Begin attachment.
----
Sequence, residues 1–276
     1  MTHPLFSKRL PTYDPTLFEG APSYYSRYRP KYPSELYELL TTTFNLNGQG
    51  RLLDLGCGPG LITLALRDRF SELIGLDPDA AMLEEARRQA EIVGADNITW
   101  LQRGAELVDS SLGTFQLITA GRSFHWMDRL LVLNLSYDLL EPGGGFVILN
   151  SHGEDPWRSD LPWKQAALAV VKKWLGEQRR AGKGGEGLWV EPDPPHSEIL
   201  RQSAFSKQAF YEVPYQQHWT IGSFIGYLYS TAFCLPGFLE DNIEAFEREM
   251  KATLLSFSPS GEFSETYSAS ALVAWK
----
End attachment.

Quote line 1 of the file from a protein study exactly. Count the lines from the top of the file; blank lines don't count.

Sequence, residues 1–276